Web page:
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The Incredibles (****)
Directed by Brad Bird
Written by Brad Bird
The Incredibles
Principal Cast
Craig T. Nelson -- Bob Parr/Mr. Incredible (voice)
Holly Hunter -- Helen Parr/Elastigirl (voice)
Samuel L. Jackson -- Lucius Best/Frozone (voice)
Jason Lee -- Buddy Pine/Syndrome (voice)
Dominique Louis -- Bomb Voyage (voice)
Teddy Newton -- Newsreel Narrator (voice)
Jean Sincere -- Mrs. Hogenson (voice)
Eli Fucile -- Jack Jack Parr (voice)
Maeve Andrews -- Jack Jack Parr (voice)
Wallace Shawn -- Gilbert Huph (voice)
Ratings
Ratings are based on Rick's four star system.
One star - the commercials are more entertaining than the viewing.
Two stars - watch if you have nothing better to do.
Three stars - good solid entertainment.
Four stars - you never dreamed viewing could be this good.
Past Feature Reviews
A review by Rick Norwood

The Incredibles has everything going for it except originality.

It is very enjoyable but not transcendently great. Essentially it takes Stan Lee's idea for the Fantastic Four -- superheroes who have problems with their job, family, and love life -- and applies a budget, technical polish, and special effects far beyond the Lee and Kirby creation. It bears roughly the same relation to The Fantastic Four that the Star Trek films bore to the original television Star Trek. The films are technically far superior -- but the TV episodes came first. Something has been lost, something gained. The Incredibles is a classic example of why I hold in reserve the right to award a film five stars. It hasn't happened yet. But I'm waiting for a film that is that good.

The Incredibles is good enough to make it worthwhile thinking about some of the issues it raises. The family of superheroes kills a lot of people -- even the kids kill people. This is a good thing -- not that killing is good, but to acknowledge that superheroes will find themselves in situations where they have to kill is good. But the killing is made palatable by having every henchman a carbon copy of every other henchman. What would it do to the film if one of the henchman, for example, stuffed a paperback book into his back pocket before going out to die.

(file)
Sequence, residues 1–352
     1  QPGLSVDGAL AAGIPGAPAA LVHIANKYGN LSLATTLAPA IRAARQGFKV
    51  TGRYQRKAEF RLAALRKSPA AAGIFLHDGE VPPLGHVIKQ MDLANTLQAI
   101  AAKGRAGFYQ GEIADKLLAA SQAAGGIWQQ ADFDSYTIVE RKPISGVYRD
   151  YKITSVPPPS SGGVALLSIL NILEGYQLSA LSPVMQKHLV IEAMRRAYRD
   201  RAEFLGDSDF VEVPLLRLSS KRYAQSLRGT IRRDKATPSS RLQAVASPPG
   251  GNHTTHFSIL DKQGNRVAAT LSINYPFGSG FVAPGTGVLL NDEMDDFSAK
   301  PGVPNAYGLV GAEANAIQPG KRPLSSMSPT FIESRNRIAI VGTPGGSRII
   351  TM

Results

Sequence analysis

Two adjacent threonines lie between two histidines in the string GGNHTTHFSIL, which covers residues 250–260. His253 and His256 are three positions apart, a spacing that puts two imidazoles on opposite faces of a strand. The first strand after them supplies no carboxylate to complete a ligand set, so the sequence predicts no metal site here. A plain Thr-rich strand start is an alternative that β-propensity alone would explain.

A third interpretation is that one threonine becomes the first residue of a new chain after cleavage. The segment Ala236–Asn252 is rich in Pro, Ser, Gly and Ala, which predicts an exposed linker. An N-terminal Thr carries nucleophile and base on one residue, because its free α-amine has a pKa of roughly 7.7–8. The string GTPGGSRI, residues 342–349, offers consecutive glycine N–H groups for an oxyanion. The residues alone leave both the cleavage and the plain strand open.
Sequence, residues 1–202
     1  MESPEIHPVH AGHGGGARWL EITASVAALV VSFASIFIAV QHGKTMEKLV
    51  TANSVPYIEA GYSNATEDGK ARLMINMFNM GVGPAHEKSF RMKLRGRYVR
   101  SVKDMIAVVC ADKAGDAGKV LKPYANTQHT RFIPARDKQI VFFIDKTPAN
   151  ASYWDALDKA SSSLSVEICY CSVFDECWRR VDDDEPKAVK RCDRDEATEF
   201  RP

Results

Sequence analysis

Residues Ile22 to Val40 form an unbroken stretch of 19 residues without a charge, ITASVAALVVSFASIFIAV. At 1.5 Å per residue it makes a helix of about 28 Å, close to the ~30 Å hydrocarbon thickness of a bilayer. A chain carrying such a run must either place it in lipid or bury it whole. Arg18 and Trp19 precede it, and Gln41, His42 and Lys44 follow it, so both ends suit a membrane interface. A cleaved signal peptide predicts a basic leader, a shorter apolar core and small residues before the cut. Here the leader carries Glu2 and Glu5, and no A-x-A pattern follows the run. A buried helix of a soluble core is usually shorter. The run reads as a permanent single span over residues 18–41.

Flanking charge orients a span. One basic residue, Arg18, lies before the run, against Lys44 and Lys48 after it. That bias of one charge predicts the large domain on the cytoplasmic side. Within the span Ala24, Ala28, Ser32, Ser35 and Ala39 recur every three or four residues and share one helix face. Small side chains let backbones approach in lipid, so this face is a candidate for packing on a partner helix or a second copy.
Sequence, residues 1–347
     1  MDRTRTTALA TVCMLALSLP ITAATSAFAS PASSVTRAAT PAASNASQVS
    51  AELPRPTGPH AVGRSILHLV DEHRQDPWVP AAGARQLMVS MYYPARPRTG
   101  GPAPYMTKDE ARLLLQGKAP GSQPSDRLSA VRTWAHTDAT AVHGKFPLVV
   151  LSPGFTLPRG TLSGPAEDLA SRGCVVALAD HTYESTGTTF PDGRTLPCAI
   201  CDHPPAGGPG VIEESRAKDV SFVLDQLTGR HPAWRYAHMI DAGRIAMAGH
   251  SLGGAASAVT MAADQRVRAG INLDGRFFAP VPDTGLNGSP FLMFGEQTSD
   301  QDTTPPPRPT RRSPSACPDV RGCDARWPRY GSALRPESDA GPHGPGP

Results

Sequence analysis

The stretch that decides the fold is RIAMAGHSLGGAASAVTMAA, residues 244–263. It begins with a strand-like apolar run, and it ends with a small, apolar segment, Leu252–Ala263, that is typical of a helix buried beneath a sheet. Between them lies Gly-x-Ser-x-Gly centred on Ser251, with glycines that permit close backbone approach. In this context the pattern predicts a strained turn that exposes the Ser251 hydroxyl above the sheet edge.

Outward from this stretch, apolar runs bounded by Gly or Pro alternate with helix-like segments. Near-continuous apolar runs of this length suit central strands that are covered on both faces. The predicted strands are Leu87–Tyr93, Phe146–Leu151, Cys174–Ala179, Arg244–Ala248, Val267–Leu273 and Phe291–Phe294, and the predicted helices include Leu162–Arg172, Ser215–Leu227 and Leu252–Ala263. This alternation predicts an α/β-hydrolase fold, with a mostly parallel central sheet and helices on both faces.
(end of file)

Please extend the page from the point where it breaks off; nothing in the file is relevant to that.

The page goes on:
There has been a lot of chatter on the web drawing analogies between The Incredibles and the presidential race. This is just post-election jitters. Insofar as the film has a message, the message is that the cult of mediocrity is killing us. And both political parties play to the lowest common denominator and appoint incompetent people to high office. Neither Bush nor Kerry is more than two standard deviations away from the mean. Superheroes are science fiction. The fun here is to ask a science fiction question. What if pigs could fly? What if there really were superheroes?

Is it OK for superheroes to compete against ordinary humans in sports? This is a question asked by both this film and by the current season of Smallville. Superboy's football games are, it seems to me, used to show that Clark is only human, that he is not yet the paragon of virtue he will become. In The Incredibles, we are expected to cheer a superhero who competes in sports. I have a problem with that. It reminds me uncomfortably of the cases where people have faked handicaps in order to compete in the Special Olympics or where genetic males have competed in women's events in the Olympics. It's like a heavyweight fighting a lightweight in the boxing ring.

Throughout the film are subtle in-jokes, with references ranging from The Fantastic Four to Kingdom Hospital. But the in-jokes are just a little spice for the au courant, not a major source of humor like the in-jokes of so many animated films following Aladdin.

Brad Bird not only writes and directs, he also supplies the voice of Edna, by far the best voice in the film. I'm glad for his sake that the film is a success, and will help sales of his even better film, The Iron Giant.

There are no credit cookies, but there are storyboards throughout the credits.

Copyright © 2004 Rick Norwood

Rick Norwood is a mathematician and writer whose small press publishing house, Manuscript Press, has published books by Hal Clement, R.A. Lafferty, and Hal Foster. He is also the editor of Comics Revue Monthly, which publishes such classic comic strips as Flash Gordon, Sky Masters, Modesty Blaise, Tarzan, Odd Bodkins, Casey Ruggles, The Phantom, Gasoline Alley, Krazy Kat, Alley Oop, Little Orphan Annie, Barnaby, Buz Sawyer, and Steve Canyon.


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